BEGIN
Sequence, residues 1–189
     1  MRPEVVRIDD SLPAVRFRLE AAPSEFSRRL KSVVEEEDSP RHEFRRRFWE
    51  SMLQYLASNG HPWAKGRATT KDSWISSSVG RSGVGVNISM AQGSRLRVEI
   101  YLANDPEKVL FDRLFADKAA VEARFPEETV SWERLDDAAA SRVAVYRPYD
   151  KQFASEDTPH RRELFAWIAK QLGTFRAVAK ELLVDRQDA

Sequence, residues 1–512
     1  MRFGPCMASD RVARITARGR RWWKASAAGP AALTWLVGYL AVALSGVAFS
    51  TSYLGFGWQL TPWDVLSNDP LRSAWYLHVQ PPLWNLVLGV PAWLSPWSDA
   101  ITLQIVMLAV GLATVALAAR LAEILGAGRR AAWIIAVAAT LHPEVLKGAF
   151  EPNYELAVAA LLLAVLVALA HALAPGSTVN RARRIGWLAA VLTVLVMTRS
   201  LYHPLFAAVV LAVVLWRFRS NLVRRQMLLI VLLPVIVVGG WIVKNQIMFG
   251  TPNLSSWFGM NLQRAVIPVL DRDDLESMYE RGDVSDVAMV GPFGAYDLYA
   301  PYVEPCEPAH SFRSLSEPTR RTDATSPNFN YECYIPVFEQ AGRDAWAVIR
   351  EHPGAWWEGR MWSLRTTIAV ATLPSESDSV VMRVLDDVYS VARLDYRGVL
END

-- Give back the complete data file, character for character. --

Sequence, residues 1–189
     1  MRPEVVRIDD SLPAVRFRLE AAPSEFSRRL KSVVEEEDSP RHEFRRRFWE
    51  SMLQYLASNG HPWAKGRATT KDSWISSSVG RSGVGVNISM AQGSRLRVEI
   101  YLANDPEKVL FDRLFADKAA VEARFPEETV SWERLDDAAA SRVAVYRPYD
   151  KQFASEDTPH RRELFAWIAK QLGTFRAVAK ELLVDRQDA

Sequence, residues 1–512
     1  MRFGPCMASD RVARITARGR RWWKASAAGP AALTWLVGYL AVALSGVAFS
    51  TSYLGFGWQL TPWDVLSNDP LRSAWYLHVQ PPLWNLVLGV PAWLSPWSDA
   101  ITLQIVMLAV GLATVALAAR LAEILGAGRR AAWIIAVAAT LHPEVLKGAF
   151  EPNYELAVAA LLLAVLVALA HALAPGSTVN RARRIGWLAA VLTVLVMTRS
   201  LYHPLFAAVV LAVVLWRFRS NLVRRQMLLI VLLPVIVVGG WIVKNQIMFG
   251  TPNLSSWFGM NLQRAVIPVL DRDDLESMYE RGDVSDVAMV GPFGAYDLYA
   301  PYVEPCEPAH SFRSLSEPTR RTDATSPNFN YECYIPVFEQ AGRDAWAVIR
   351  EHPGAWWEGR MWSLRTTIAV ATLPSESDSV VMRVLDDVYS VARLDYRGVL